The Department of Homeland Security Thursday morning raised the threat alert level for aviation to "orange," or "high." And for commercial flights between the United Kingdom and the United States, the terrorist threat level is "red," or "severe." (See the Transportation Security Administration's security advisory.)
Airline passengers will be very aware of the heightened security. For general aviation pilots flying in U.S. airspace, no new security measures are anticipated, although pilots may encounter additional security on the ground at airports with airline service, most likely tighter controls at the airport perimeter and ramp.
"While this latest threat isn't directed at GA, general aviation pilots should still be vigilant for any possible threat," said Andy Cebula, AOPA executive vice president of government affairs. "This recent event is an example of why we've updated the AOPA Airport Watch security program and reminded all pilots to lock up their aircraft and look out for suspicious activities around their airports."
Enhanced security at air carrier airports may affect ground access on the GA side of the airport as well.
Governors in at least three states, including Massachusetts, California, and New York, have called out the National Guard to help provide airport security, for example. What that means for GA isn't known yet, but it could mean that you may have to pass a security guard or soldier to get access to your hangar or aircraft. Be prepared to show your ID and pilot certificate if asked by a law enforcement or security official.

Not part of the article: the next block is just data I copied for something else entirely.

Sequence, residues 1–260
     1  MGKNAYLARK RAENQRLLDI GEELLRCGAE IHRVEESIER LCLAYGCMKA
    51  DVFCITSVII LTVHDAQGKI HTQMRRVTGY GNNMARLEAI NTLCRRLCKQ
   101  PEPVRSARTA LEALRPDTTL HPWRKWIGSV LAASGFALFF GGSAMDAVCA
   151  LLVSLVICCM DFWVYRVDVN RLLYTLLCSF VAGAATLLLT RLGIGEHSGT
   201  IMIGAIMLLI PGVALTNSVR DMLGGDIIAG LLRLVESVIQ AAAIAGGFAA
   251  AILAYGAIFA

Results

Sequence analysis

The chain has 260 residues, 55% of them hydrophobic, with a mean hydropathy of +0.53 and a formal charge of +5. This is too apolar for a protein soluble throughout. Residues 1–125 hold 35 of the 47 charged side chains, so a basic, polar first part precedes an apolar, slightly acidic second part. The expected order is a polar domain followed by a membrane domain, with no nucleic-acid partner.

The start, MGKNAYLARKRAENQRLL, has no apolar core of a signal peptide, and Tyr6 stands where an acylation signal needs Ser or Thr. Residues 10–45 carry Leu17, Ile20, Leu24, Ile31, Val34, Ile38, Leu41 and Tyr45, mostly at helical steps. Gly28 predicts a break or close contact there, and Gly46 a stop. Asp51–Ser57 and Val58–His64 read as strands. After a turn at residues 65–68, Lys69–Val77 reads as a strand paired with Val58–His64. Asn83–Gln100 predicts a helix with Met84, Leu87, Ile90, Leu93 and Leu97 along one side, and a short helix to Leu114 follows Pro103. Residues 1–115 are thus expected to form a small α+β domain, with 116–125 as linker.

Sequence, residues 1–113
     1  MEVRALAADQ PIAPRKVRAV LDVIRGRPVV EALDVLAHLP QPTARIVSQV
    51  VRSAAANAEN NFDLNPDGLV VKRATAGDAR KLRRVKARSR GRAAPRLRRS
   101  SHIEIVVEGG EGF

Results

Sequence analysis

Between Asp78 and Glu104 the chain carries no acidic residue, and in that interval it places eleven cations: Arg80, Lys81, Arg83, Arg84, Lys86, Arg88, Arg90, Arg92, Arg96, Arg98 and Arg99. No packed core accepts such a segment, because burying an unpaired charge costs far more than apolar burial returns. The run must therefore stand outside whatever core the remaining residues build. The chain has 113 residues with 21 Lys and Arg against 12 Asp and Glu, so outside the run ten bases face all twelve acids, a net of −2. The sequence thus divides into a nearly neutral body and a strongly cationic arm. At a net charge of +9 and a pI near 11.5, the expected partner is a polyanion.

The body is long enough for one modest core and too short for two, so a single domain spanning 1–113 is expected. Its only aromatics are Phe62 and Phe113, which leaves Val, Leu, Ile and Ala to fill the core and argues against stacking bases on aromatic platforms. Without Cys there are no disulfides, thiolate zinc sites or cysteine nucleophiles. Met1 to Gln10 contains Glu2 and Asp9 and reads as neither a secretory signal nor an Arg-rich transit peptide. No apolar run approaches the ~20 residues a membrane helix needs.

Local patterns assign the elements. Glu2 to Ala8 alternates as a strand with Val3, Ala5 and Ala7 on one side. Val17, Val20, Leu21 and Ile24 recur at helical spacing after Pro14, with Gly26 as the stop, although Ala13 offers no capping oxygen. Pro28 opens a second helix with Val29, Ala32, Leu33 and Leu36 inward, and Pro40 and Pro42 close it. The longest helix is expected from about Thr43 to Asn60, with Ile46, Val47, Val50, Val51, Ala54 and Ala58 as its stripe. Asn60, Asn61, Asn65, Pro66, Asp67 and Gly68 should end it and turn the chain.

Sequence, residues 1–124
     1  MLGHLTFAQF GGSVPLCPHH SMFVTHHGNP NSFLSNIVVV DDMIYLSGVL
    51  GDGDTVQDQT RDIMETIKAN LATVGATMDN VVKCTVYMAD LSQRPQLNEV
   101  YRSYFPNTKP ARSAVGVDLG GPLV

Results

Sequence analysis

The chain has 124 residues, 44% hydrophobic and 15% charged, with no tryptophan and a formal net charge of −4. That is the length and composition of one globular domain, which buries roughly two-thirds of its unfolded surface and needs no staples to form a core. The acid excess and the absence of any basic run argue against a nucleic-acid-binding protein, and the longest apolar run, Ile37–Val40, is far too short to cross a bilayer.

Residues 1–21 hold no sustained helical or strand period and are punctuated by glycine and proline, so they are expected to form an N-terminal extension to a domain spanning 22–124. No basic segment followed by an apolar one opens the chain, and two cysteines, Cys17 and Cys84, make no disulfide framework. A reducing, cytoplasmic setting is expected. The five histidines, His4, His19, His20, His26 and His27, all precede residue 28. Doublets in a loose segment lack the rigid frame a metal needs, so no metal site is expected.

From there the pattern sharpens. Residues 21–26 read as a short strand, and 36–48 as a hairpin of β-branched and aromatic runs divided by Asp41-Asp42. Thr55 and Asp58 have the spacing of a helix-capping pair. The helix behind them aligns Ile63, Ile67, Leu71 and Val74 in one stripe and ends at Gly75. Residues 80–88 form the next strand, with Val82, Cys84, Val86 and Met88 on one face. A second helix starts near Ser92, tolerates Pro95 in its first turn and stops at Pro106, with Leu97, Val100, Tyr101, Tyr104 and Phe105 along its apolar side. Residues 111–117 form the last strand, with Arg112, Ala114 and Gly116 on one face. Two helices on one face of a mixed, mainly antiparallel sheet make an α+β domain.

No procedural or security changes are expected for GA aircraft flying in U.S. airspace. But, as always, you should check notams immediately prior to any flight, even if you are taking just a quick spin around the patch.
Make sure you know the location of any temporary flight restrictions (TFRs) near your route of flight. ( AOPA's Real-Time Flight Planner will give you a graphical display of all current and upcoming TFRs.)
Monitor 121.5 during flight (if able). And just in case, download and keep with you in the aircraft AOPA's intercept procedures card.
British authorities arrested 21 alleged plotters who planned to carry some common liquids on board an airliner, mix them in flight to create an explosive, and blow up the aircraft over the Atlantic. The terrorists reportedly were targeting six to 10 aircraft bound for the United States.
So if you're going to fly on commercial airlines, expect intensified searches and much longer waits getting through security. New restrictions on carry-on items have been added: You can't have any liquid or gel in your carry-on bags. The ban includes drinks, shampoo, toothpaste, and hair gels.
Exemptions apply for infant formula and some medications (such as insulin), but be prepared to prove to security officers that the liquids aren't dangerous.
August 10, 2006